I was rather disappointed that my post Did Flannery O’Connor Write Christian Fiction? digressed into a discussion about cursing in Christian fiction, particularly taking the Lord’s name in vain (or to be more exact, having one of our characters do so). Anyway, during that conversation, much was assumed and implied about that particular expletive. I’d like to take a couple of minutes to address what I feel is our erroneous approach.
Let me begin with my thesis:
We have wrenched the Third Commandment from its context and reduced it to a simplistic formula, which betrays the very superstition it decries. As a result, Christians (or professing Christians) take the name of God in vain far more than do foul-mouthed unbelievers.
Most Americans assume, whether through conscience, social mores, or religious tradition, that taking the name of the Lord in vain means saying the phrase… “goddammit.” Christians take this a step further. We believe that the person who utters that phrase, whether it is used as an expletive, quoted, referenced, cited, or put in the mouth of a fictional character, is categorically profane.
I personally believe this approach is unbiblical and borderline superstition. Let me explain.
For one, God’s name is not… God. The English transliteration of the Hebrew name revealed to Moses is YHWH. Some translate the word as Yahweh or Jehovah. Call this a technicality, if you will. Nevertheless, the word “God” is generic for any deity or supreme being. Muslims, Mormons, Hindus, Baptists, Buddhists, even atheists all use the word “God” in one way or another.
Believing as Christians do that there are false gods, if one curses in the name of their “god,” have they broken the Third Commandment? (I mean, does Zeus damn you! really deserve a lightning bolt?) Or can only those of a Judeo-Christian worldview take the name of God in vain? (Meaning all you druids are off the hook.) And if we are approaching this thing literally, then taking the name of God in vain would have to involve His actual name. Which means asking Yahweh or Jehovah to damn something (a request actually made by several biblical prophets) is really the offending phrase. Unless, of course, certain things are God damned.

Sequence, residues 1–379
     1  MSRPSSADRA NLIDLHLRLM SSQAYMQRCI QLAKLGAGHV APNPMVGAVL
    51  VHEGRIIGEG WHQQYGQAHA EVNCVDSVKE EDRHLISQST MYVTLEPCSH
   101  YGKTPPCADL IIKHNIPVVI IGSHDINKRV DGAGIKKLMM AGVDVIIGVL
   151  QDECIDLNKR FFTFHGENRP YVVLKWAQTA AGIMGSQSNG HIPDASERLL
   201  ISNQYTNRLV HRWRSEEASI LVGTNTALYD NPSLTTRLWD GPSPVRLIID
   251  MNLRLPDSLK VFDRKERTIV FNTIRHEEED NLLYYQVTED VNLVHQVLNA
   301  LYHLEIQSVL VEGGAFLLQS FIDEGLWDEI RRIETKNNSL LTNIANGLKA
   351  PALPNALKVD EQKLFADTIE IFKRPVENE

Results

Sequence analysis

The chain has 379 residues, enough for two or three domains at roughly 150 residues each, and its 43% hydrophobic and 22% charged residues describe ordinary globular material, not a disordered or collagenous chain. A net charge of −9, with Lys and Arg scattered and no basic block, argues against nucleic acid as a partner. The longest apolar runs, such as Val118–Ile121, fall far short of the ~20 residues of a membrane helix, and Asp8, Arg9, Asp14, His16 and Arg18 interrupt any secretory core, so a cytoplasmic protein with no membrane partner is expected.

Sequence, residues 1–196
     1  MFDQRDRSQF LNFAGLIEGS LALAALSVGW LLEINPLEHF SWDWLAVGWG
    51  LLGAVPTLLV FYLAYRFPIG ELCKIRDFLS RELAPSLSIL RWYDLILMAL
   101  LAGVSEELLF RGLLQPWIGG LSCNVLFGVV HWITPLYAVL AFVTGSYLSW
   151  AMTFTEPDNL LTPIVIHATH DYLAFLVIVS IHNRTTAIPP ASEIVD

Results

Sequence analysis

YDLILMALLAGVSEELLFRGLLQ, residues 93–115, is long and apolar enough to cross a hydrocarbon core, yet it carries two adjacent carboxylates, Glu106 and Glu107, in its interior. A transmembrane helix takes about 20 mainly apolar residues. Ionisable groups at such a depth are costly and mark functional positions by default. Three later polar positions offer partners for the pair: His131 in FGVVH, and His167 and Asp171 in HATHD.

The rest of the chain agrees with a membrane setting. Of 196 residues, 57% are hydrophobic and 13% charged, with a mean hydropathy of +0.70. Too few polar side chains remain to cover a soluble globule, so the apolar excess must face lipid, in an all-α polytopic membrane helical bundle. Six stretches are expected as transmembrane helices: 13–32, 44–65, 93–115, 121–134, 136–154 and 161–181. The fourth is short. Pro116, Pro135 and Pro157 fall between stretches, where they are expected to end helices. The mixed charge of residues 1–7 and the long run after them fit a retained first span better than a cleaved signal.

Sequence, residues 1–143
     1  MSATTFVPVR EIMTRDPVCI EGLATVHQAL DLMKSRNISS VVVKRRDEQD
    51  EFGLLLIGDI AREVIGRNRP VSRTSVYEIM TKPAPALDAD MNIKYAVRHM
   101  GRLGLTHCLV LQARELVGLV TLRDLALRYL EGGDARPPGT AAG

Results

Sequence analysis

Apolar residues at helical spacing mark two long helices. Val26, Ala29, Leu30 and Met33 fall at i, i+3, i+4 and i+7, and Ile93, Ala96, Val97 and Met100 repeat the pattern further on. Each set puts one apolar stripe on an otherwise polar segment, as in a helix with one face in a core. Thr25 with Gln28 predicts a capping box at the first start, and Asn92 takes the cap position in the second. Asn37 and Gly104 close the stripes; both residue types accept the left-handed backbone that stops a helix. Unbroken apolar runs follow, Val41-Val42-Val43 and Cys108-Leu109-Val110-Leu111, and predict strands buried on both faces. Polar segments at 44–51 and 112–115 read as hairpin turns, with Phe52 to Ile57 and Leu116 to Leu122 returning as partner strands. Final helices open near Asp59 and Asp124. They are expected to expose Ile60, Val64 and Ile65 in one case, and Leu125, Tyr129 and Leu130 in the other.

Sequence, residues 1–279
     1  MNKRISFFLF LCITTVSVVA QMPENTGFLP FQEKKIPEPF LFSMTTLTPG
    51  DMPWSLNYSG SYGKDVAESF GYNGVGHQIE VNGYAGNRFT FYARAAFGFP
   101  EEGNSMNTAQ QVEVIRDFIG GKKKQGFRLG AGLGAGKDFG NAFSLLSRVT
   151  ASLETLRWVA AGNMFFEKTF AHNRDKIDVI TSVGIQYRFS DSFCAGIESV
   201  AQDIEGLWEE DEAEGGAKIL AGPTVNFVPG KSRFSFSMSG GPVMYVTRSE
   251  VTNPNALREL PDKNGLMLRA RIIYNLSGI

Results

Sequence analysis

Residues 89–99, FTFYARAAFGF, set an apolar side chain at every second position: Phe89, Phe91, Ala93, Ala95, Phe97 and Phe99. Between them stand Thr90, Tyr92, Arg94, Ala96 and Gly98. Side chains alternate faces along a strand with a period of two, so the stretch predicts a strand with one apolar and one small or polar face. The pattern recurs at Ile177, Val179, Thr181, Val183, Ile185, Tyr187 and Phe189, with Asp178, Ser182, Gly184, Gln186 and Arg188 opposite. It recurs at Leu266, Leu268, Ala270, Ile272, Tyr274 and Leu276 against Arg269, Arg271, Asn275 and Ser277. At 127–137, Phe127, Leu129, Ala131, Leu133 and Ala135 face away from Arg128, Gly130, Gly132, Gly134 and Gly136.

Secondly, the commandment really has more to do with careless, frivolous oaths, than it does speaking any one particular word or phrase. Judaism 101 explains it this way:
In Jewish thought, that commandment refers solely to oath-taking, and is a prohibition against swearing by God’s Name falsely or frivolously (the word normally translated as “in vain” literally means “for falsehood”).
In other words, taking the name of the Lord in vain would be something like swearing by Jehovah, the God of Israel, that you did not swipe your neighbor’s plow, when in fact you did. Jesus appeared to speak to this when He said, “Do not swear an oath at all” (Matt. 5:33-37), for as this commentary explains, “oaths by definition called on a deity to witness them.” In this sense, taking God’s name in vain means throwing around reckless promises, oaths, and pledges using the Christian God as your witness.
In Taking the Lord’s Name in Vain, Credo House helps us understand the context of the Third Commandment.